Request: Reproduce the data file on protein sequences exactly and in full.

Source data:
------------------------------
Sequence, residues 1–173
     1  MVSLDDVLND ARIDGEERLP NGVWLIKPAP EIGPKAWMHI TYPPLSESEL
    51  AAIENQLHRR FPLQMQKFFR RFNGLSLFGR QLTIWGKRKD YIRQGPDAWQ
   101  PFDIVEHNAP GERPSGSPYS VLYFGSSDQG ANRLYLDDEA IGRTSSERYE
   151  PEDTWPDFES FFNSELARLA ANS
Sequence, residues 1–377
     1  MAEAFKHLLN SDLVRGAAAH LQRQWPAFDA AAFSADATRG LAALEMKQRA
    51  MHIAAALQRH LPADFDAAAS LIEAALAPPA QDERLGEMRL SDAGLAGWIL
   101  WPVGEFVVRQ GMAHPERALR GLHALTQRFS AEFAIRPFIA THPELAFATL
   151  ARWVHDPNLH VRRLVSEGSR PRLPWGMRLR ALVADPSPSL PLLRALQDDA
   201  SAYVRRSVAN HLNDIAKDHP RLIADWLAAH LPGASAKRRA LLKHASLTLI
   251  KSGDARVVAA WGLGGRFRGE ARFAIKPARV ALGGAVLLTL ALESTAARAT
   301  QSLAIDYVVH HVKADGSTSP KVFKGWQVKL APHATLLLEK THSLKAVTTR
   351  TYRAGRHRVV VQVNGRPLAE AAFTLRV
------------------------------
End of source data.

Sequence, residues 1–173
     1  MVSLDDVLND ARIDGEERLP NGVWLIKPAP EIGPKAWMHI TYPPLSESEL
    51  AAIENQLHRR FPLQMQKFFR RFNGLSLFGR QLTIWGKRKD YIRQGPDAWQ
   101  PFDIVEHNAP GERPSGSPYS VLYFGSSDQG ANRLYLDDEA IGRTSSERYE
   151  PEDTWPDFES FFNSELARLA ANS
Sequence, residues 1–377
     1  MAEAFKHLLN SDLVRGAAAH LQRQWPAFDA AAFSADATRG LAALEMKQRA
    51  MHIAAALQRH LPADFDAAAS LIEAALAPPA QDERLGEMRL SDAGLAGWIL
   101  WPVGEFVVRQ GMAHPERALR GLHALTQRFS AEFAIRPFIA THPELAFATL
   151  ARWVHDPNLH VRRLVSEGSR PRLPWGMRLR ALVADPSPSL PLLRALQDDA
   201  SAYVRRSVAN HLNDIAKDHP RLIADWLAAH LPGASAKRRA LLKHASLTLI
   251  KSGDARVVAA WGLGGRFRGE ARFAIKPARV ALGGAVLLTL ALESTAARAT
   301  QSLAIDYVVH HVKADGSTSP KVFKGWQVKL APHATLLLEK THSLKAVTTR
   351  TYRAGRHRVV VQVNGRPLAE AAFTLRV